bindings position

bindings position

Post by C » Tue, 01 Aug 2000 04:00:00


ok i have never really changed the position of my bindings since i got the
board and was wondering what the benifits or lack of there is to changing
the position and stance.

Campbell

 
 
 

bindings position

Post by Tomm » Tue, 01 Aug 2000 04:00:00

How about some clues as to what you have and what you are
looking for.

What is the board?  What is the current stance distance?  What
are the current angles?  Are the bindings centered front to rear
or set back, and if set back, by how much?

How well do you ride?  What do you ride -- pipe, park, slope-
style, cruising, carving, extreme, powder?

Hard, soft or step-ins?

Most important, out of the "what do you ride" list, what do you
want to do best, second best and third best.

Answer all of those questions and I'll give you one informed and
experienced view as to what our setup should be with the reasons
why.  So will ten other people; then you can choose.

-----------------------------------------------------------

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bindings position

Post by C » Wed, 02 Aug 2000 04:00:00

ok i have a Nidecker stardust 151, I got scott soft bindings with it and
havnt altered the distance since i got them. They are positioned with the
bindings sitting back and well im not to sure of the terminology but with
the 8 holes for the bindings to attatch to, mine are in the centre 4. the
bindings are set at an angle of 20 degrees with the forward and 10 with the
rear binding.

im an average rider - Im adicted to riding powder but will be hiking with
the board up a few of the easier mountains here in scotland once winter
comes.

im really after a set up that well is best for deep powder and heading a bit
extreme

anything i have missed out ?

Campbell


Quote:
> How about some clues as to what you have and what you are
> looking for.

> What is the board?  What is the current stance distance?  What
> are the current angles?  Are the bindings centered front to rear
> or set back, and if set back, by how much?

> How well do you ride?  What do you ride -- pipe, park, slope-
> style, cruising, carving, extreme, powder?

> Hard, soft or step-ins?

> Most important, out of the "what do you ride" list, what do you
> want to do best, second best and third best.

> Answer all of those questions and I'll give you one informed and
> experienced view as to what our setup should be with the reasons
> why.  So will ten other people; then you can choose.

> -----------------------------------------------------------

> Got questions?  Get answers over the phone at Keen.com.
> Up to 100 minutes free!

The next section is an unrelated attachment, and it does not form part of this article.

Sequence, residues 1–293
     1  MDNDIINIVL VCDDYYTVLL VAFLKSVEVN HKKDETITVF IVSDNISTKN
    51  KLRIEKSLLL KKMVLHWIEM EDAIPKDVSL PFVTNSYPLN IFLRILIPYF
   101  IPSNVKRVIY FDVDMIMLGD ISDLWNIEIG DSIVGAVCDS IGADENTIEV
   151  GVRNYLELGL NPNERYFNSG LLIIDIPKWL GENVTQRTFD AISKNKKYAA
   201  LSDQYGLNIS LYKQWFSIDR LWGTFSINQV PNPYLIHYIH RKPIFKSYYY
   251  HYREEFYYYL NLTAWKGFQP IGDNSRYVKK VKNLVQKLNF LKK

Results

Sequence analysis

> http://www.keen.com


 
 
 

bindings position

Post by Tomm » Wed, 02 Aug 2000 04:00:00

OK, here goes.  20/10 is a pretty good set of all-round angles;
if you're comfortable with turns both ways, leave that part be
as it is. (Larger angles, more toward the front, will let you
carve more agressively down the fall line.  Racers and
"Eurocarvers" may using front/rear settings of 55/45 or more.
Problem is with angles that high most people can't jump, can't
use the rear foot for steering, can't ride fakie and can't
spin.  Lower angles, down to 0/0, make landing jumps, rear foot
steering and spining easier.  For true switch stance capability,
some even ride "duck" where the back foot is angles back, ie.,
front/back of 10/-10, but duck is *** the knees when
landing.  The very low angles make carving more difficult and
tend to be unstable at high speed.)

For all-round with  20/10 angles, I would set the distance
between binding centers at one inch more than the width of your
shoulders or hips, which ever is greater.  To maximize
spinnablity, increase the distance a bit; to improve carving
decrease the distance.

For powder and steep terrain, set the pair of bindings so that
the center of the space between them is one inch behind the
balance point of the board.  Setting the bindings behind the
board center will help keep tha nose up in powder and crud and
it gives more front of the board in front of the front foot to
keep in contact with the snow when do toe pivot turns on
extremely steep terrain.  Moving further back will ease keeping
the nose up in really light powder but will introduce stability
and turn initiation problems on hardpack.  (I run two inches
back on my big mountain board, but it is a 163cm so
proportionally you should start with a little less.)  For
spinning tricks, put the center of the bindings at the balance
center to create symmetrical weight distribution.

If you experiment with these factors a bit, you should learn a
lot about your board and your technique.  Of course the next
step is to own different boards, set up differently, for
different styles of riding.

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